Before negotiations on Britain's departure from the European Union even began in 2017, the vexing issue of how to keep goods flowing seamlessly between EU member Ireland and Northern Ireland when it leaves along with the rest of the U.K. — without time-consuming border checks — was identified as an obstacle that could derail the entire process.
A team of experts has focused solely on ways to tackle the conundrum. But with Britain set to depart on Oct. 31 and a costly no-deal withdrawal a possible outcome, even the experts do not appear to know exactly what will happen at the border on Brexit day. If they do know, they are not saying.
"The objective is to have all the checks and controls performed. How and exactly where they will be performed is something we are still working on," one of them responded when asked by The Associated Press whether vehicles would be stopped at the sinuous Irish land border on Nov. 1.
"There will be disruptions. Where they exactly will be beyond the island of Ireland is something I cannot tell you," the EU official said, speaking on condition of anonymity because of the sensitive nature of the ongoing Brexit talks.
It's not simply a technical issue about customs controls over goods, produce and livestock. The challenge of keeping trade and business running smoothly is deeply entangled with unique questions of identity: what it means to be from Northern Ireland, to have the right to Irish or British citizenship, or both.
Northern Ireland's Catholic and Protestant communities remain deeply divided two decades after a conflict that claimed around 3,700 lives. The peace agreement that ended 30 years of sectarian "troubles" helped bring the border down. The last thing people want is a return to those times.
It's the reason why Britain's 27 EU partners are insisting on the so-called "backstop:" a fail-safe guarantee to ensure that no hard border with customs outposts and infrastructure will be erected on Oct. 31.
"The backstop continues to be a critical component of the withdrawal agreement unless and until alternatives are found," Irish Prime Minister Leo Varadkar told Johnson on Monday. "We are open to alternatives but they must be realistic, legally binding and workable, and we haven't received such proposals to date."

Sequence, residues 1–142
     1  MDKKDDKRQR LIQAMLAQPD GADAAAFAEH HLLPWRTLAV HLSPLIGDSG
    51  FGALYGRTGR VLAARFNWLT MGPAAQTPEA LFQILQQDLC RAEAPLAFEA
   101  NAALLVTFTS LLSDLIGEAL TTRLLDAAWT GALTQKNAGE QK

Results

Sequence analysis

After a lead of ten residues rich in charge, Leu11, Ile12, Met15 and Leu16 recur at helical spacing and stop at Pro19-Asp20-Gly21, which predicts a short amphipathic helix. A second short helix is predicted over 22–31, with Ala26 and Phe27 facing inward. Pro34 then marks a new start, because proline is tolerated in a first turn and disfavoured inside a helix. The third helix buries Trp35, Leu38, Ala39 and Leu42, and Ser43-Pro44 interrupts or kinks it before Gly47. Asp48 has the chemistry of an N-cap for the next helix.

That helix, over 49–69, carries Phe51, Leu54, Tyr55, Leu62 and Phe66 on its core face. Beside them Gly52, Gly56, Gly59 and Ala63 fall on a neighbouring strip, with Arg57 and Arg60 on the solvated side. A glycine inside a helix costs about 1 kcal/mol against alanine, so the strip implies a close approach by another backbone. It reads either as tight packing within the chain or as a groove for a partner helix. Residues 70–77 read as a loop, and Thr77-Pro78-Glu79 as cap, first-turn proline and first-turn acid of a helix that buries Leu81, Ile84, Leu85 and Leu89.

Beyond stressing that some delays might happen at unidentified points on the land border, Ireland's no-deal Brexit planning focuses on potential chokepoints at ports and airports, like those in Dublin and the Rosslare Europort. Additional warehouses, inspection bays, offices and parking facilities have been put in place, with increased capacity for document and food safety checks. Scores of new staff have been hired and temporary accommodation set up.
Lots of delays could be caused by animal and plant health controls. On average, commercial vehicles cross the Irish border 13,000 times a day. Of those movements, about 3,000 loads of beef, lamb, pork, poultry, eggs and dairy products would have to be stopped somewhere on their journey, with each check taking about 10 minutes to complete. That's if all goes well.
Beyond the technical considerations of daily trade and business, concern is mounting about smuggling; the illicit trade in fuel, alcohol and tobacco that could be super-charged by the difference in customs duties on either side of the border as well as the predicted fall in the British pound after Brexit.
At some point, police will have to tackle the problem, and it's likely they will be obliged to do so around the border. "The people of this island — north and south — need to know that their livelihoods, their security and their sense of identity will not be put at risk as a consequence of Brexit. So the stakes are high," Varadkar said, before he and Johnson retired to discuss possible alternatives with only seven weeks to go.